When Tesla split with Mobileye, the Israeli supplier did not have a more advanced and expensive production system with lidar integration.
Mobileye CEO Amnon Shashua has taken another swipe at Tesla, effectively claiming the automaker is taking extraordinary risks with Autopilot in an effort to save money.
Speaking to CNET, the executive of the Intel-owned company theorizes that some companies like Tesla and Waymo are willing to skip Tier 1 suppliers to find a quicker way to market. He says the approach also carries a higher level of risk that most traditional automakers are unwilling to accept.
Nearly all companies working on fully autonomous cars believe lidar is necessary to provide redundancy alongside data from cameras, radar and other sensor systems. Tesla is a notable exception, previously arguing that advanced radar data processing eliminates the need for lidar.
"So what is Tesla stating? They are willing to take more risks in sensing mistakes because they have less redundancy, because they want to have a lower-cost technology," Shashua says. "Another car manufacturer can come in and say, 'I want to have almost zero risk in having a sensing mistake and I'm wiling to pay more for that, or my customers are willing to pay more for that, so therefore I'm putting not only radars and cameras, but also lidars.'"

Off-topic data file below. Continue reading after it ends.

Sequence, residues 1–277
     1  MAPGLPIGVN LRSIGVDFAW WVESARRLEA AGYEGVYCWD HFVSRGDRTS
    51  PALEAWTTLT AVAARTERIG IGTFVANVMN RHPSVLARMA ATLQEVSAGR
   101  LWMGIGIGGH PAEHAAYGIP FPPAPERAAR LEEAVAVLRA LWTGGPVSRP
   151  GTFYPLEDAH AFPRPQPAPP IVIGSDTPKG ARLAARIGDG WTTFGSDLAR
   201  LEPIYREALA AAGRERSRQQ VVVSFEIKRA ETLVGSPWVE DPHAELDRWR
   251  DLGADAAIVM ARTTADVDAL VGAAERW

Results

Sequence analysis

To be fair, Mobileye did not appear to have any lidar-based autonomous systems ready for market when Tesla decided to split from the supplier and rebuild Autopilot's capabilities in-house. At the time, reports claimed Mobileye would not give up complete control over how its driver-assistance products were used by automakers.
"You see that they had, I think still have, difficulties with reaching Autopilot 1.0," Shashua adds. "After three years of development, let's assume that they have reached parity now, it makes sense. This amount of time. This is where they have 10 times the computing power and eight cameras instead of one camera."
Responding to a few attention-grabbing fatal accidents, Tesla has argued that its Autopilot-enabled vehicles are already demonstrably safer than average cars on the road today. In each tragic accident, the company repeats its warning that Autopilot is not yet fully self-driving and drivers must keep their hands on the wheel and eyes on the road at all times.